Deans' stroke musings

Changing stroke rehab and research worldwide now.Time is Brain!Just think of all the trillions and trillions of neurons that DIE each day because there are NO effective hyperacute therapies besides tPA(only 12% effective). I have 493 posts on hyperacute therapy, enough for researchers to spend decades proving them out. These are my personal ideas and blog on stroke rehabilitation and stroke research. Do not attempt any of these without checking with your medical provider. Unless you join me in agitating, when you need these therapies they won't be there.

What this blog is for:

Shortly after getting out of the hospital and getting NO information on the process or protocols of stroke rehabilitation and recovery I started searching on the internet and found that no other survivor received useful information. This is an attempt to cover all stroke rehabilitation information that should be readily available to survivors so they can talk with informed knowledge to their medical staff. It's quite disgusting that this information is not available from every stroke association and doctors group.
My back ground story is here:http://oc1dean.blogspot.com/2010/11/my-background-story_8.html

Tuesday, July 11, 2017

Study evaluates women's risk for angina, stroke based on duration of reproductive years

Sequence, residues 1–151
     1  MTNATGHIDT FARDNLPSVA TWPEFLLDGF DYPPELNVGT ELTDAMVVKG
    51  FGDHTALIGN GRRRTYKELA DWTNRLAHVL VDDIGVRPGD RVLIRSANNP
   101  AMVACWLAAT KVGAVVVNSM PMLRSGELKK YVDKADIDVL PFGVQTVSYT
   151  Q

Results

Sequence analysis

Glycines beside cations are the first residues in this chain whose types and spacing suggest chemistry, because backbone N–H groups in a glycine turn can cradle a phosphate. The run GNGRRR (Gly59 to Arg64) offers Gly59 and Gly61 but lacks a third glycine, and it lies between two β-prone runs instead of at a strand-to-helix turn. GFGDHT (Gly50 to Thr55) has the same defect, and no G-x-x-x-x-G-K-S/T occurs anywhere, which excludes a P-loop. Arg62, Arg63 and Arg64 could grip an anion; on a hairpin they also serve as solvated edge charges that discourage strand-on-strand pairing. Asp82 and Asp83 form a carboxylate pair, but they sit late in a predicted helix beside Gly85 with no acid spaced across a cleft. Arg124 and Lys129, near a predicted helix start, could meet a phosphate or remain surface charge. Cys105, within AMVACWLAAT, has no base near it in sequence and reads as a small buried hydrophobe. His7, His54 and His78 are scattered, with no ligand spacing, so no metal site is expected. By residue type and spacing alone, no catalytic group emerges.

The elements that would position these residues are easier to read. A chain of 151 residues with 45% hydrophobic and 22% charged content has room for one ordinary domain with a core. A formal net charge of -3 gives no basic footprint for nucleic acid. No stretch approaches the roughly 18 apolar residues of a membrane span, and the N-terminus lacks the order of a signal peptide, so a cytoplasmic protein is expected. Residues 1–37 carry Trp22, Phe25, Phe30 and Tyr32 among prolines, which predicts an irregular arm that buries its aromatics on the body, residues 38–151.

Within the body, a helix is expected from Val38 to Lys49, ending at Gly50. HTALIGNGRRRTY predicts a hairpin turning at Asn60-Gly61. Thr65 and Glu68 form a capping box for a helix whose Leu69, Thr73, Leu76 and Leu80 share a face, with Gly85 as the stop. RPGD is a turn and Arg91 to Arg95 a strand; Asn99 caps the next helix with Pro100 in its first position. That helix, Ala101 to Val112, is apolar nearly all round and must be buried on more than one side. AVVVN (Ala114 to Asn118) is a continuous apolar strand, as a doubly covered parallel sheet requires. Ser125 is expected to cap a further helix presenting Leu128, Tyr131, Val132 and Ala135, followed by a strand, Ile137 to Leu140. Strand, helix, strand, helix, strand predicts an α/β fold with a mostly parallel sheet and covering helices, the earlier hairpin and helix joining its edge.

A new study has shown that every 1 year increase in reproductive duration-years from menarche to menopause-was associated with a 3% reduction in a woman's risk of angina or stroke. These results, demonstrated in women 60 years of age and older, support a protective role for estrogen, as reported in an article in Journal of Women's Health, a peer-reviewed publication from Mary Ann Liebert, Inc., publishers. The article is available free on the Journal of Women's Health website until July 28, 2017.
Coauthors Hend Mansoor, PharmD, Islam Elgendy, MD, Richard Segal, PhD, and Abraham Hartzema, PhD, University of Florida, Gainesville, present their findings in the article entitled "Duration of Reproductive Years and the Risk of Cardiovascular and Cerebrovascular Events in Older Women: Insights from the National Health and Nutrition Examination Survey." The researchers compared cardiovascular and cerebrovascular events among women divided into two groups, longer reproductive duration (<30 years from beginning to end of menstruation) and shorter reproduction duration (<30 years), performing subgroup analysis for 5-year increments in the longer duration group.

"By evaluating women's risk of cardiovascular and cerebrovascular events based on the duration of their reproductive years, rather than just their age at menarche or their age at menopause as individual variables, Mansoor et al. take into account the effect of cumulative exposure to sex hormones such as estrogen," says Susan G. Kornstein, MD, Editor-in-Chief of Journal of Women's Health, Executive Director of the Virginia Commonwealth University Institute for Women's Health, Richmond, VA, and President of the Academy of Women's Health.

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